11:24 26 March 2015 Elk Point, South Dakota by GS Jade Barrett CsbNews.org correspondent
«There’s more pressure playing a four diamond contract than playing in front of 2,000 people» – Colin Greenwood of Radiohead
You think that’s tough, Colin, try playing a four diamond contract in front of 2,000 bridge athletes.
Having just returned from the 2500+ mile (4000+ km) road trip that included the ten days of intense competition of the Spring North American Bridge Championships held in New Orleans, Louisiana, I find myself contemplating the future of bridge in America.
The game at the highest levels is getting younger, as more people around the world are exposed at an earlier age. Many of the players our Team Heifer USA met as opponents were in their twenties and thirties, revealing the success of their home nations efforts in developing high level competitors. Poland, Turkey, Sweden, Norway, Portugal, Spain, Japan, China and the list goes on. South America is showing signs of strong growth as well, with many fine young people taking up the sport. To a great extent, we have two people to thank for that.
Fred Gitelman and Sheri Winestock changed the face of the game with the development of BridgeBase’s Base II and Base III (which I proudly still have on the shelf in my office!) analytic software back in the early 1990’s. The BridgeMaster declarer play program that came next was immediately adopted by our USA JR TEAM coaching staff as a critical training tool, and it would be difficult to overstate its positive impact on the powerhouse USA teams of that era. Our Great American Bridge Tour players continue to use it regularly to maintain their skill level and improve their declarer play «muscle memory».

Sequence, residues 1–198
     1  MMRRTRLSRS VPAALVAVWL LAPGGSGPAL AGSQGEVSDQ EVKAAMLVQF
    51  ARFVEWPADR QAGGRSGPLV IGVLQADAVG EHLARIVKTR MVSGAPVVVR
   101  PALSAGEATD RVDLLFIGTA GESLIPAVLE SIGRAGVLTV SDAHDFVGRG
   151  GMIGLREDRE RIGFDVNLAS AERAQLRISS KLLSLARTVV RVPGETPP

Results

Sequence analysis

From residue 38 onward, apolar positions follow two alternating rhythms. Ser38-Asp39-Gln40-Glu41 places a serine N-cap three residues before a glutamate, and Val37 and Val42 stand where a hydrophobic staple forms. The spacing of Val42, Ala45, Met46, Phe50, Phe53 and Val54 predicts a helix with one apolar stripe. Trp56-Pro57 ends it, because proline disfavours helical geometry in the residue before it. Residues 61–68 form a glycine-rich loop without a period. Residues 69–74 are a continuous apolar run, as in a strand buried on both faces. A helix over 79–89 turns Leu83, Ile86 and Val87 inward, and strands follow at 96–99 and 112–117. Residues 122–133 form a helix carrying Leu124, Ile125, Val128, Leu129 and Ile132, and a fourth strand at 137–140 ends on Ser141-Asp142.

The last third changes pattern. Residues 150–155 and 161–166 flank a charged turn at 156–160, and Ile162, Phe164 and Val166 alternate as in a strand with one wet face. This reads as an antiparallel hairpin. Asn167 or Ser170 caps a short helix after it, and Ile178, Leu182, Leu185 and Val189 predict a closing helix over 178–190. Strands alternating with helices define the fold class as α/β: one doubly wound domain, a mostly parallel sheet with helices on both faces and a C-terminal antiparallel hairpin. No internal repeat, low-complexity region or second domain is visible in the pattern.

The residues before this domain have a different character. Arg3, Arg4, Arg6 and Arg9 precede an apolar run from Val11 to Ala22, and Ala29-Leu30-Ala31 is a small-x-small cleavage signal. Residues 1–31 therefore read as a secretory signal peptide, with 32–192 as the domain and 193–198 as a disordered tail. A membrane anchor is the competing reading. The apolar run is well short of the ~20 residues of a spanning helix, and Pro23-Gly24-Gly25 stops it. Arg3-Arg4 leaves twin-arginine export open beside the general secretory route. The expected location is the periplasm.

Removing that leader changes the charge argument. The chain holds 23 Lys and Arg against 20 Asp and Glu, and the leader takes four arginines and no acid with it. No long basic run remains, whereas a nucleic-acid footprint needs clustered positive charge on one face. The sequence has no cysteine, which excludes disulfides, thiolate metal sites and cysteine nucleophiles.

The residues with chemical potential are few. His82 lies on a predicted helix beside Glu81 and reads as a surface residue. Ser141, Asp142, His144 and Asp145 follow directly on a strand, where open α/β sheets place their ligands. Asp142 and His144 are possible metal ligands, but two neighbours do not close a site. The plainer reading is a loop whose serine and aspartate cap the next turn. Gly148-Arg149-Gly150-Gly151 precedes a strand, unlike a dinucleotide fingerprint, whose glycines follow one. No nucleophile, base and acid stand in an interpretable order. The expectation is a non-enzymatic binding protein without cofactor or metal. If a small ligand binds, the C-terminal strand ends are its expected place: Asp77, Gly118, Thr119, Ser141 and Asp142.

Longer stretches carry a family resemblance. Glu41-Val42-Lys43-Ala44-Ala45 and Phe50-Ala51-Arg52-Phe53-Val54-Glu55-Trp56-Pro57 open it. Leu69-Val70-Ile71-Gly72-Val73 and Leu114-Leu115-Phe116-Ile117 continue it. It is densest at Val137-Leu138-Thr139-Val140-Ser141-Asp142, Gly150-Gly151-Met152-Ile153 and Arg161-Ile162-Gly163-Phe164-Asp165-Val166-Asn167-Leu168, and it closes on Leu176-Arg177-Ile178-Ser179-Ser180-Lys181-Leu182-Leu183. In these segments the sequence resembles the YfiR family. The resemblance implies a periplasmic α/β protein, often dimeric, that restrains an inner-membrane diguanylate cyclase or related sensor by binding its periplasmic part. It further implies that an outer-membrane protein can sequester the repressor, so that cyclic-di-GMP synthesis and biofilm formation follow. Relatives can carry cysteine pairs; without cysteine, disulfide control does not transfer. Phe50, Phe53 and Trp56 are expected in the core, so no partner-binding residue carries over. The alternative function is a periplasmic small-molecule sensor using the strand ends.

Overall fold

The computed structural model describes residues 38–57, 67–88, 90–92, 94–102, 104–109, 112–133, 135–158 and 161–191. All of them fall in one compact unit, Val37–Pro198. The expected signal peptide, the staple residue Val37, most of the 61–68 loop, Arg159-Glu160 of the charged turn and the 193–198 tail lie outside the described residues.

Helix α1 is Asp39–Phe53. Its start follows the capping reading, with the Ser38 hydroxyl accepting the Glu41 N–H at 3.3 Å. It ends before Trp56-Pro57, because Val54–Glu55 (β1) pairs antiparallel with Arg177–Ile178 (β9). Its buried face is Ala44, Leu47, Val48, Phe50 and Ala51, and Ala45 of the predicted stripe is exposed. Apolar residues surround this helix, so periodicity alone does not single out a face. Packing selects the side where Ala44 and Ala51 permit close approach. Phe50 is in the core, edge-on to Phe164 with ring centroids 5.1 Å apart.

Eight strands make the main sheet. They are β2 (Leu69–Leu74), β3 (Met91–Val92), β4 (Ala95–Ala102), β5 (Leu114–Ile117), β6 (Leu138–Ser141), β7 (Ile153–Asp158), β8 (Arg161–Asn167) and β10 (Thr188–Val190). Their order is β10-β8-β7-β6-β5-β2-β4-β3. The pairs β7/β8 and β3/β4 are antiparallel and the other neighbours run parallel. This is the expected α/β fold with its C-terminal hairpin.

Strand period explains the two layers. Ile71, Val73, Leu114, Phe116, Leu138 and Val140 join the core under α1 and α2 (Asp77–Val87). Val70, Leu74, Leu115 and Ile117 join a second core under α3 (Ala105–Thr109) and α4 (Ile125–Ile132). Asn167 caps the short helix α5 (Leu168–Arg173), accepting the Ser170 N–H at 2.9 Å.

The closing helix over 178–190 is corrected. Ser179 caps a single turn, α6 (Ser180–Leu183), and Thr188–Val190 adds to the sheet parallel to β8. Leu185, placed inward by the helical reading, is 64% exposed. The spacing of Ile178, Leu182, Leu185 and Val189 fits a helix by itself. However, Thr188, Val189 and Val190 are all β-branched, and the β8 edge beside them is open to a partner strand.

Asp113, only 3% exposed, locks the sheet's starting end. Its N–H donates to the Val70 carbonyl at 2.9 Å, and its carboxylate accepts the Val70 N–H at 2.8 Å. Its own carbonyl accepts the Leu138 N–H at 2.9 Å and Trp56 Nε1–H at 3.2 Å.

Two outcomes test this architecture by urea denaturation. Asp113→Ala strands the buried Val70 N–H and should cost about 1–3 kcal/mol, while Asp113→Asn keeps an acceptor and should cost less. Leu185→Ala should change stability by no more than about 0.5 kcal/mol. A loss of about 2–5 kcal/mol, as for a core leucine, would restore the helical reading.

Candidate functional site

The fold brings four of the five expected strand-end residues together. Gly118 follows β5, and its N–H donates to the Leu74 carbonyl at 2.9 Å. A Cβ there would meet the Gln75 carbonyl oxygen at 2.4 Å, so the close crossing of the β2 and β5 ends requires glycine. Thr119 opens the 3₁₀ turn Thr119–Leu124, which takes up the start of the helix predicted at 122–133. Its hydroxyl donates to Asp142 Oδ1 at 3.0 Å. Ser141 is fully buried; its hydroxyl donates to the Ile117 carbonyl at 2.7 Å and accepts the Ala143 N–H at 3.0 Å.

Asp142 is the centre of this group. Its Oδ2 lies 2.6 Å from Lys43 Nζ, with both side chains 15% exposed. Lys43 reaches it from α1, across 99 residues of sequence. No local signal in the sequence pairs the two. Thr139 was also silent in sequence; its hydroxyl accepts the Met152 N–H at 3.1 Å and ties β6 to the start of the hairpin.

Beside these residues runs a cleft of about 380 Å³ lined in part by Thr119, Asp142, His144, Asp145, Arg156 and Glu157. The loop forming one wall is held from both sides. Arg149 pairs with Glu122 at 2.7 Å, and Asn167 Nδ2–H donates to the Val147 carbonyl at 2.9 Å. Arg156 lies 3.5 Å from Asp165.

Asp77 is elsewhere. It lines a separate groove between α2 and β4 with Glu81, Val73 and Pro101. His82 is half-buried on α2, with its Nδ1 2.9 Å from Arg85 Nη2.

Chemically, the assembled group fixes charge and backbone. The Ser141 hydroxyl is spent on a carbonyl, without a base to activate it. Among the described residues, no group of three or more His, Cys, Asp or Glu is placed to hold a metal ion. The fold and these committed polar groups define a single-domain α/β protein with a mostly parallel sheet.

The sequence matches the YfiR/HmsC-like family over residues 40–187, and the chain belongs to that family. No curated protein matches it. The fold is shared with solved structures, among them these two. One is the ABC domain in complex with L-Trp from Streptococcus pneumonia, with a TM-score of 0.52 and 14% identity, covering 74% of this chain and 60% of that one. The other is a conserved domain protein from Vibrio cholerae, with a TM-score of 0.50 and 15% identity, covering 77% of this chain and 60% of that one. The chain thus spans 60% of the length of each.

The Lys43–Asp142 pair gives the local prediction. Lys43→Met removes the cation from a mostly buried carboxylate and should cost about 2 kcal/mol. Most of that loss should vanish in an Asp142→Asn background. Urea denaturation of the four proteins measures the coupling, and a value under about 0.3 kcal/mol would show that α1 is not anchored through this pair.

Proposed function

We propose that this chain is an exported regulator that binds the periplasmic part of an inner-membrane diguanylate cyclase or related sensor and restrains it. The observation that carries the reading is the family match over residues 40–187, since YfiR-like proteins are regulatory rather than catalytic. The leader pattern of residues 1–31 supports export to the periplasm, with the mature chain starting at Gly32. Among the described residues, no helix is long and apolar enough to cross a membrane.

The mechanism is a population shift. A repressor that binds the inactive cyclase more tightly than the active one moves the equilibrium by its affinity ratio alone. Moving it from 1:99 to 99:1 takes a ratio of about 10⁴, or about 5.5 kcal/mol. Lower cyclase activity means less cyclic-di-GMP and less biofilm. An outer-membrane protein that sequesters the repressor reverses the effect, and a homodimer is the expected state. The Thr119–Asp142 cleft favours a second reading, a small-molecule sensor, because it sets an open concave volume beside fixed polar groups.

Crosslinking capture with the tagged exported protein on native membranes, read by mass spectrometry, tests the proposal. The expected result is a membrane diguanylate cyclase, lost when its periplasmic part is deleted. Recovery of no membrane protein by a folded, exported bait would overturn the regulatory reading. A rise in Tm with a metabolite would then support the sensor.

In 2001, the launch ofBridge Base Onlinebrought the opportunity to teach, coach and train the teams that included players from all over the vast expanse of North America at virtually any time of day and quickly expanded to include athletes the world over. This provided access to the game’s strongest practitioners through viewgraphs and the ability to kibitz these greats as they practiced. The level of competition therefore immediately improved throughout the whole of the bridge world, and provided new opportunities for the youth of the game to participate on their schedule with limited disruption to their education and work.
At first there was concern that the online games would negatively impact the clubs that host real time games, but if anything, the desire to compete face to face continues to grow. Bridge athletes always want to test the their game against the best the world has to offer and now with the tens of thousands of viewers who look on as the Finals of all the Majors are broadcast live, the pressure of every hand increases.